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Technology 2007: The Year in Review

Catch up with highlights from the past year.

Joel P. Bruckenstein, 12/13/2007

December is historically a time of year when we prepare to relax in anticipation of some holiday cheer. For me, it is a time of year that generally provides a respite from my normally frantic pace, so it offers an ideal opportunity to review and reflect upon the columns I've written here over the past year. This period culminates with an annual Year in Review column. It offers an opportunity to summarize the topics we've covered in 2007, so if you've missed anything relevant to your practice in the course of your busy life, you'll have a second chance to find out about it now. In addition, it also presents an opportunity to review past recommendations and pans so that I can update them as necessary. Finally, as the year winds down, many advisors turn their thoughts to planning for 2008. Reading quick summary of the technological happenings in 2007 is a great way set the stage for your 2008 technology plans.

One of the first topics I tackled in January 2007 was Microsoft's new operating system: Windows Vista. At the time, it seemed to me that those in need of a new PC should wait a few months and buy one with Vista pre-installed rather than buying a Windows XP machine and upgrading manually to Vista. I also suggested that in a short period of time, the price of dual-core processors would drop significantly, virtually eliminating single-core processors from mainstream computers. Finally, I offered up my minimum specifications for PC purchases, which were significantly higher than Microsoft's.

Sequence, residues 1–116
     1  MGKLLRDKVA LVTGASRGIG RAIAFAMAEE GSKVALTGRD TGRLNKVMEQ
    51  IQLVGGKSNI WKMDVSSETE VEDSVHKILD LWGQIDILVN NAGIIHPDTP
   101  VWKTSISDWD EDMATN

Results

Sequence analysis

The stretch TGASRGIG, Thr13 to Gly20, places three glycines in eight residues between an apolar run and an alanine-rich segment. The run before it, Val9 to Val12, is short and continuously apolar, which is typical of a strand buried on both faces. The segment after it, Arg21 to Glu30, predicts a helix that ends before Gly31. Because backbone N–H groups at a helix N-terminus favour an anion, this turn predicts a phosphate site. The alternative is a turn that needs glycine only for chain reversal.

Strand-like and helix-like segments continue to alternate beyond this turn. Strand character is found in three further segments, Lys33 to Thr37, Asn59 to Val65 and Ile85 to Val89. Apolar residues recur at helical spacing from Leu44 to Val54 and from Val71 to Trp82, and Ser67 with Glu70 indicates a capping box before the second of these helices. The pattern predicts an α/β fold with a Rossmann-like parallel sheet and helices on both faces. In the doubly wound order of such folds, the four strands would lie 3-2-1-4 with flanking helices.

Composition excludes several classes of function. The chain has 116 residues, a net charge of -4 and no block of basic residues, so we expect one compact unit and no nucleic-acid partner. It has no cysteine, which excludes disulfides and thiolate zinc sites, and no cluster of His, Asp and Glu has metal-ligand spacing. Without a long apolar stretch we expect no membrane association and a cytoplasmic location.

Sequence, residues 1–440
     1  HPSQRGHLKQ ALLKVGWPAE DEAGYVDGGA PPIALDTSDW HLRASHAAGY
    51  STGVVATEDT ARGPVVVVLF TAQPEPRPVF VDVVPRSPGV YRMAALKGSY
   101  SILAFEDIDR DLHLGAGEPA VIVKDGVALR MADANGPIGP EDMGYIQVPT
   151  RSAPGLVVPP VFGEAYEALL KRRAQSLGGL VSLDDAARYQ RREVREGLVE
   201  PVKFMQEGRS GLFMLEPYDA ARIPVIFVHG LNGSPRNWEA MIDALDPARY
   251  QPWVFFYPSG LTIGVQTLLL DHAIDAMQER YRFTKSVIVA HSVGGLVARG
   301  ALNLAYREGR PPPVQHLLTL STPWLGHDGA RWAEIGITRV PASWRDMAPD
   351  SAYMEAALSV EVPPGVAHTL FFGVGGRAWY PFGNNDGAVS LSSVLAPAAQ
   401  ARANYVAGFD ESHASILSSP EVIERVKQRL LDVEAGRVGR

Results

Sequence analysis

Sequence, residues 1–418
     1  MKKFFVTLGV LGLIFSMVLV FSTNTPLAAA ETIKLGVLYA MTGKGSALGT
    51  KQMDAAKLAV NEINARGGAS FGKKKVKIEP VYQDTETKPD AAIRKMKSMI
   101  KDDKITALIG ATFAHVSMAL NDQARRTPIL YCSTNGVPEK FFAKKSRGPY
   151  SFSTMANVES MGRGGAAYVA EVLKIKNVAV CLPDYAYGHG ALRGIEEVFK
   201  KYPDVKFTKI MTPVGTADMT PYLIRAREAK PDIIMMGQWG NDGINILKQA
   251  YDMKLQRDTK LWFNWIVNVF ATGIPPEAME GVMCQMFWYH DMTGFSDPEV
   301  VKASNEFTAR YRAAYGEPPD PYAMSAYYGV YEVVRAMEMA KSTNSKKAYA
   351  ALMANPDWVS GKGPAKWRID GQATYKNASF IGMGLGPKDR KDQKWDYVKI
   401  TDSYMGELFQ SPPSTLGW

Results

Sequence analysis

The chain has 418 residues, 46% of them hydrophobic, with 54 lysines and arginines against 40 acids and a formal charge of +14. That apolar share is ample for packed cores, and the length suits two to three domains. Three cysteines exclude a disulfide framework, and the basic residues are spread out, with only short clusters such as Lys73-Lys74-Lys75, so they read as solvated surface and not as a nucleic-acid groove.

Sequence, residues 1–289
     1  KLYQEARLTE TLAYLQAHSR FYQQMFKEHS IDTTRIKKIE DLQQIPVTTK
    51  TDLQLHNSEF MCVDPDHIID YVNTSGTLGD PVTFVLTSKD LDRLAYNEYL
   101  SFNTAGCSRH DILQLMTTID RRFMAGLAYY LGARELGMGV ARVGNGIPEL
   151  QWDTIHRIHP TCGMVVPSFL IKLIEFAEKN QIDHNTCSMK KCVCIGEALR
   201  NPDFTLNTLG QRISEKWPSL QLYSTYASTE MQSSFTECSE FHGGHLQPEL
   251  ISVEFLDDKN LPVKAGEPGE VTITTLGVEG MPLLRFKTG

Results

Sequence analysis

I was right when cautioning patience on Vista, but I did not anticipate the level of resistance to the new operating system that developed, partly because of the unavailability of drivers, not to mention a lack of compatibility with many of the industry's most popular software packages. With Vista service pack 1 now in beta, it looks like 2008 will be the year that Vista finally goes mainstream. Dual-core processors are the norm now, and quad-core processors are on the horizon. I still recommend plenty of RAM, spacious hard drives and roomy monitors for all users. SideShow, a new Vista functionality for laptops, impressed me, but manufacturers have been slow to support it. I expect interest in SideShow to increase in 2008.

The other topic I tackled in January 2007 was small-office network security. After many on-site visits to small advisory firms, I became convinced that too many of my colleagues were using consumer-targeted routers and other network equipment in their offices and in their home offices. As CheckPoint spokeswoman Allison Wagda told me at the time: "The typical home wireless router only offers basic security features." One possible solution I suggested was the purchase of a ZoneAlarm Secure Wireless Router Z100G. This device was one of the first unified threat-management devices designed primarily for consumers and small offices. It includes seven layers of protection: a firewall, intrusion detection/prevention, antivirus, Web filtering, VPN remote access, wireless encryption, and secure remote desktop access. At $149.95 direct, it is still a good value. For offices with more than a handful of users, the Safe@Office network appliances from CheckPoint offer very good protection along with relatively easy setup.